Data Reveals 3 Key Truths about Recall
In order to increase appointment bookings and patient outreach efforts, many healthcare organizations consider sending reminders and notifications of needed treatment (often called recall or recare messages) to their patient base. However, when done manually, it’s taxing, which is why 40 percent of practices that don’t have patient relationship management (PRM) technology in place don’t do any form of recall. Even some with the technology worry their efforts may not be effective. This is because there hasn’t been much data regarding the effectiveness of most commonly used recall strategies—until now.
The problem has been that for important things like the best timing, frequency, and information to include in a recall message, even so-called “best practices” are often established based on gut feeling and anecdotal experiences among individual organizations rather than solid data. Solutionreach analyzed 120 million recall notifications over a 12-month period to provide greater insight into what really works as part of a patient recall communication strategy.
The analysis returned three key “truths” surrounding effective recall outreach. Implementing recall strategies that leverage these truths will give healthcare organizations greater confidence when building and delivering upon patient communication strategies.
What did the data analysis find?
#1 Success happens overnight.
When sending an automated recall message to a patient, how soon should you expect them to respond and schedule an appointment? As with every type of communication, response time will naturally vary from patient to patient. But on an overall level, data analysis shows that the majority of responses to recall outreach (70 percent) come in within 24 hours of the message delivery.
The lag distribution for response shows that an additional 15 percent of responses come in between 24 and 48 hours, and nearly all responses will happen within the first week. In fact, only one percent of responses to recall communications come in after the seven-day mark.
#2 Weekends are a weakness.
Weekend communication is often the subject of debate among healthcare providers. While most scheduling offices are closed over the weekend, a large percentage of patients are also not occupied with work hours of their own. Thus, many feel that weekends could be the perfect time to ensure patients attend to recall messages and book the appointments they need.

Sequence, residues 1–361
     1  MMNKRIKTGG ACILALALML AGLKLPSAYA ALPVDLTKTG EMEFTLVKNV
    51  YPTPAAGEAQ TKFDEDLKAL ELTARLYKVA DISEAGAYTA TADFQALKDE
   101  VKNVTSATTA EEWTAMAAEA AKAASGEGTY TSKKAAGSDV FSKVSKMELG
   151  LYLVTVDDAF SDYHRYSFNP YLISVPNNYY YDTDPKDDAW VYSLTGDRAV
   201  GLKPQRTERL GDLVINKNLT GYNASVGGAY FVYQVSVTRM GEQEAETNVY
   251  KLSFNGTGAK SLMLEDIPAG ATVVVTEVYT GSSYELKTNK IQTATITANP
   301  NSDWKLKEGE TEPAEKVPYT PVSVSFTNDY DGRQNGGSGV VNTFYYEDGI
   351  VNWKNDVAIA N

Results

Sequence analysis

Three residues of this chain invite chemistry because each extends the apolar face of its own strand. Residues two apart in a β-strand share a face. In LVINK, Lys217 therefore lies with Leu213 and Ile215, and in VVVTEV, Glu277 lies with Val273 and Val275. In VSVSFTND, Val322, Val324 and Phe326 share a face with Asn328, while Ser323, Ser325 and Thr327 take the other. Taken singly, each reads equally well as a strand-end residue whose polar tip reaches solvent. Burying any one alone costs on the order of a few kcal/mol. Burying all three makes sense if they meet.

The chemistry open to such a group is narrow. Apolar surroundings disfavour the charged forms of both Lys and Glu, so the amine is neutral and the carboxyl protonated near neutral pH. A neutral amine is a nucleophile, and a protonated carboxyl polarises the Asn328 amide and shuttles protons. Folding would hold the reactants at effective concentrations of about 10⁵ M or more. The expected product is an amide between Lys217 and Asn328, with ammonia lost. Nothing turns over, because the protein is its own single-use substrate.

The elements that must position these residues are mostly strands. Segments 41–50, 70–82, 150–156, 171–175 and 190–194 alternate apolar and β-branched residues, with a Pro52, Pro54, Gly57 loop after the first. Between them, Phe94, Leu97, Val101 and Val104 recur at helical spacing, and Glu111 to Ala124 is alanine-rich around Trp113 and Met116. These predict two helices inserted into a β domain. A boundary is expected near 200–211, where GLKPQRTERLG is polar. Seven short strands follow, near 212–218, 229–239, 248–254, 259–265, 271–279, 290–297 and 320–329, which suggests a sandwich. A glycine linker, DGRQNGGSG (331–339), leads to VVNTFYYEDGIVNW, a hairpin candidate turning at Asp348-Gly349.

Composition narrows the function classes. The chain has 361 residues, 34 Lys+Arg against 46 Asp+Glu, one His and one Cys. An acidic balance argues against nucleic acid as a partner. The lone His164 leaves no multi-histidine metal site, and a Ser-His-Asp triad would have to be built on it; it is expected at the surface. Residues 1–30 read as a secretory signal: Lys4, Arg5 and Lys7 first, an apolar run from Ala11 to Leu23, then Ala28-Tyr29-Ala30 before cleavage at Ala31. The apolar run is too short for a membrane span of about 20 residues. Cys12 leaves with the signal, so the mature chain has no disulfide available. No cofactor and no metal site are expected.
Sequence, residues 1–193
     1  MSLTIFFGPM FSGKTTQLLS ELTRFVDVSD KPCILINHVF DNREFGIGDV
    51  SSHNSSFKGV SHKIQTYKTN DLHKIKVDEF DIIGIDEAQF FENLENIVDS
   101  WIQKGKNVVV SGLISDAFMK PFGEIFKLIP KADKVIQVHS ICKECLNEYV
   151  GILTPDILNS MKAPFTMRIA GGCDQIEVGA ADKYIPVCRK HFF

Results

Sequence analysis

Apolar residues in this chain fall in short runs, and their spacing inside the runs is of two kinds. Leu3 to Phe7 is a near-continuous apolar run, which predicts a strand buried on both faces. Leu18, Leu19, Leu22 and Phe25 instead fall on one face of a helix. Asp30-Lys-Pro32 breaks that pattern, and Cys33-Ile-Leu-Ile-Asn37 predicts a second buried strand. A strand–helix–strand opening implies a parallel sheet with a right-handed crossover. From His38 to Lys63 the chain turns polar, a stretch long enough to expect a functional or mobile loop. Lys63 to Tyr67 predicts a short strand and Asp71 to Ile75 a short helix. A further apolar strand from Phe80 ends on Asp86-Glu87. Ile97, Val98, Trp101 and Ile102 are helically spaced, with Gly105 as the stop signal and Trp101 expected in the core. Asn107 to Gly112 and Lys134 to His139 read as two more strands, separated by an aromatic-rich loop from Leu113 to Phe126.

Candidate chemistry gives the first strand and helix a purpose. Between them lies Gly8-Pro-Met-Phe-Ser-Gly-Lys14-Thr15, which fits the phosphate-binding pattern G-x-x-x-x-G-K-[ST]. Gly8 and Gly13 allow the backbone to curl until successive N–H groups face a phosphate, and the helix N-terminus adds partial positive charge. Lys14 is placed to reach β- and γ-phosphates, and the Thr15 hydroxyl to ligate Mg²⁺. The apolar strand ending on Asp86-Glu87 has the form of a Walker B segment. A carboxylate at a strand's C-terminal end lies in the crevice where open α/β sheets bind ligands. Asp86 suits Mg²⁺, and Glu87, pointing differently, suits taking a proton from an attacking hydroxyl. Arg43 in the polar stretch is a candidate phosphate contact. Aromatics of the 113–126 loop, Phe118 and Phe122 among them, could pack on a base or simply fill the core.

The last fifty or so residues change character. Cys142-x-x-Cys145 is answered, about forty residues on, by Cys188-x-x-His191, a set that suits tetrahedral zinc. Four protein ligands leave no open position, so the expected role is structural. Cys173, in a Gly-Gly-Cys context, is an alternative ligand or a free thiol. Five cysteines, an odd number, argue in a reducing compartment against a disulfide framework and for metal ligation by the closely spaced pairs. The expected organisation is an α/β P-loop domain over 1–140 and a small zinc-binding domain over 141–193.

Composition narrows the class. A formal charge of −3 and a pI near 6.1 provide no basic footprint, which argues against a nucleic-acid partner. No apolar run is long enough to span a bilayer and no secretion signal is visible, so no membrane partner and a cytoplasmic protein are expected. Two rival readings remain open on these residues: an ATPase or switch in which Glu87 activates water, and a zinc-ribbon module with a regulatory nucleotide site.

It’s important to note that analysis here is not whether an appointment was scheduled on a weekend day, but rather that messages sent on these days ultimately resulted in a booking either immediately or days later (i.e., when the office is open again).
The data show that weekends simply do not work. Recall booking success peaks on Tuesday, and dips from that Tuesday peak by 36 percent on Friday. Saturday is down 79 percent from Tuesday, and Sunday performs at an even lower success rate—93 percent worse than the midweek peak.
#3 Appointment links increase booking rates.
A “best practice” that organizations should consider is including scheduling links within the body of a recall communication. Whether through a text message or an email to a patient, that message can include a link that allows patients to self-schedule their recall appointment.
Data analysis found that messages including a scheduling link are 25 percent more likely to result in a booked appointment. Why are these links effective? One reason is that they remove the obstacle of waiting for a scheduling office to be open for an appointment to be booked. Scheduling can now happen at a patient’s convenience, such as in the evening after business hours or on the weekend. Another reason appointment links work is that they allow for immediate, convenient patient action. Patients can often view appointment openings without needing to speak with the scheduling staff. It’s important to note that this best practice is more efficient for healthcare organizations as well, since staff members spend less time on the phone scheduling these patients.
How do these findings influence recall strategy?
Based on the truths proven by the data analysis, here are actions that can be taken to maximize automated recall outreach efforts:
- Be ready to follow-up on outreach with individual patients after one week. Ninety-nine percent of recall outreach response comes in within seven days of the message being sent. That follow-up can be another automated message or manual outreach from staff.
- Avoid sending recall messages on weekends to maximize response rates. Remember that 70 percent of recall success happens within 24 hours. So deliver those messages at a time when patients can take immediate scheduling action, and let the percentages work in your favor.
- Include an appointment scheduling link in the automated message. This best practice increases booking rates by allowing patients to further leverage the convenience of an automated message. It creates a more efficient recall scheduling workflow for staff as well.
Recall communication is an extremely important component of both patients’ ongoing care and an organization’s profitability—important enough that gut feelings and anecdotal experiences cannot be trusted to drive communication strategies. These three data-supported truths point to areas that healthcare organizations can optimize in support of improved appointment booking results.